Buckle was convinced that social phenomena exhibit the same undeviating regularity as natural phenomena. In this belief he was chiefly influenced by the investigations of the Belgian statistician Quetelet (1835). “Statistics,” he said, “has already thrown more light on the study of human nature than all the sciences put together.” From the regularity with which the same crimes recur in the same state of society, and many other constant averages, he inferred that all actions of individuals result directly from the state of society in which they live, and that laws are operating which, if we take large enough numbers into account, scarcely undergo any sensible perturbation. [Footnote: Kant had already appealed to statistics in a similar sense; see above, p. 243.] Thus the evidence of statistics points to the conclusion that progress is not determined by the acts of individual men, but depends on general laws of the intellect which govern the successive stages of public opinion. The totality of human actions at any given time depends on the totality of knowledge and the extent of its diffusion.
There we have the theory that history is subject to general laws in its most unqualified form, based on a fallacious view of the significance of statistical facts. Buckle’s attempt to show the operation of general laws in the actual history of man was disappointing. When he went on to review the concrete facts of the historical process, his own political principles came into play, and he was more concerned with denouncing the tendencies of which he did not approve than with extricating general laws from the sequence of events. His comments on religious persecution and the obscurantism of governments and churches were instructive and timely, but they did not do much to exhibit a set of rigid laws governing and explaining the course of human development.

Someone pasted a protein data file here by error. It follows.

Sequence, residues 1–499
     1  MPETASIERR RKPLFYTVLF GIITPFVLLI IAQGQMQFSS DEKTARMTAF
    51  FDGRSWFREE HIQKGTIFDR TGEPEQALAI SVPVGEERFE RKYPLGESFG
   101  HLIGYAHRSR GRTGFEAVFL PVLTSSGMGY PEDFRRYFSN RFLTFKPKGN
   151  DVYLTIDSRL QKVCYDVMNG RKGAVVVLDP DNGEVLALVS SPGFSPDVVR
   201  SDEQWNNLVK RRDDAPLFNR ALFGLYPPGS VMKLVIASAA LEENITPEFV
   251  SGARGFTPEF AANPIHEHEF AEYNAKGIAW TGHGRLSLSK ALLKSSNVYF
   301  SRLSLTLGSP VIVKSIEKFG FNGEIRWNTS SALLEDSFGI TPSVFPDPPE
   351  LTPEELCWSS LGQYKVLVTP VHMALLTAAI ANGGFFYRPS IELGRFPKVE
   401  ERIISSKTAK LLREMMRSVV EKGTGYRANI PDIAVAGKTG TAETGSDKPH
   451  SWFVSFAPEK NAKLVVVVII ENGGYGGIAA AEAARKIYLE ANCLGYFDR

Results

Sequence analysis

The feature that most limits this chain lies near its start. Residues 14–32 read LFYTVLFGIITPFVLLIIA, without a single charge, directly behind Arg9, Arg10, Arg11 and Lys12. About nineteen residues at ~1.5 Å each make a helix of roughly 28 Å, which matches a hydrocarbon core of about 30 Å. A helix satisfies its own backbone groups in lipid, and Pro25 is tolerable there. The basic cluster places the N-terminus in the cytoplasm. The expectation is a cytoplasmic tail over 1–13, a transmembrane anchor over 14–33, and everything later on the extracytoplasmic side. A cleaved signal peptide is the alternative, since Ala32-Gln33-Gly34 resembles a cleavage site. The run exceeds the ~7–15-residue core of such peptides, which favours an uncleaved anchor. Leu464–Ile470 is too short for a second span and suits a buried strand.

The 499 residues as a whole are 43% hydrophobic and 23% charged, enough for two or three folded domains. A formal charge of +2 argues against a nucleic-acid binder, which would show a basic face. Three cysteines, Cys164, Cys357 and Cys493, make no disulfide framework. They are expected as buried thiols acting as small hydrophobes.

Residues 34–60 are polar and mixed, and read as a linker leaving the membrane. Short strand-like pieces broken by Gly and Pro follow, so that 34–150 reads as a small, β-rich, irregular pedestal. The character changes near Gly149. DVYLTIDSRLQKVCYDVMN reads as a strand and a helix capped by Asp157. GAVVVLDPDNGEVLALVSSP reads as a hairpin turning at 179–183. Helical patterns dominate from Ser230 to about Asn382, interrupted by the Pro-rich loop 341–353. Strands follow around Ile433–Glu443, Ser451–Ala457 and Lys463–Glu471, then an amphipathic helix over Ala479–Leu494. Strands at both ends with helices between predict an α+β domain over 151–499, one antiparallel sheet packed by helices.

The doctrine that history is under the irresistible control of law was also popularised by an American physiologist, J. W. Draper, whose history of the intellectual development of Europe appeared in 1864 and was widely read. His starting-point was a superficial analogy between a society and an individual. “Social advancement is as completely under the control of natural law as a bodily growth. The life of an individual is a miniature of the life of a nation,” and “particles” in the individual organism answer to persons in the political organism. Both have the same epochs—infancy, childhood, youth, manhood, old age—and therefore European progress exhibits five phases, designated as Credulity, Inquiry, Faith, Reason, Decrepitude. Draper’s conclusion was that Europe, now in the fourth period, is hastening to a long period of decrepitude. The prospect did not dismay him; decrepitude is the culmination of Progress, and means the organisation of national intellect. That has already been achieved in China, and she owes to it her well-being and longevity. “Europe is inevitably hastening to become what China is. In her we may see what we shall be like when we are old.”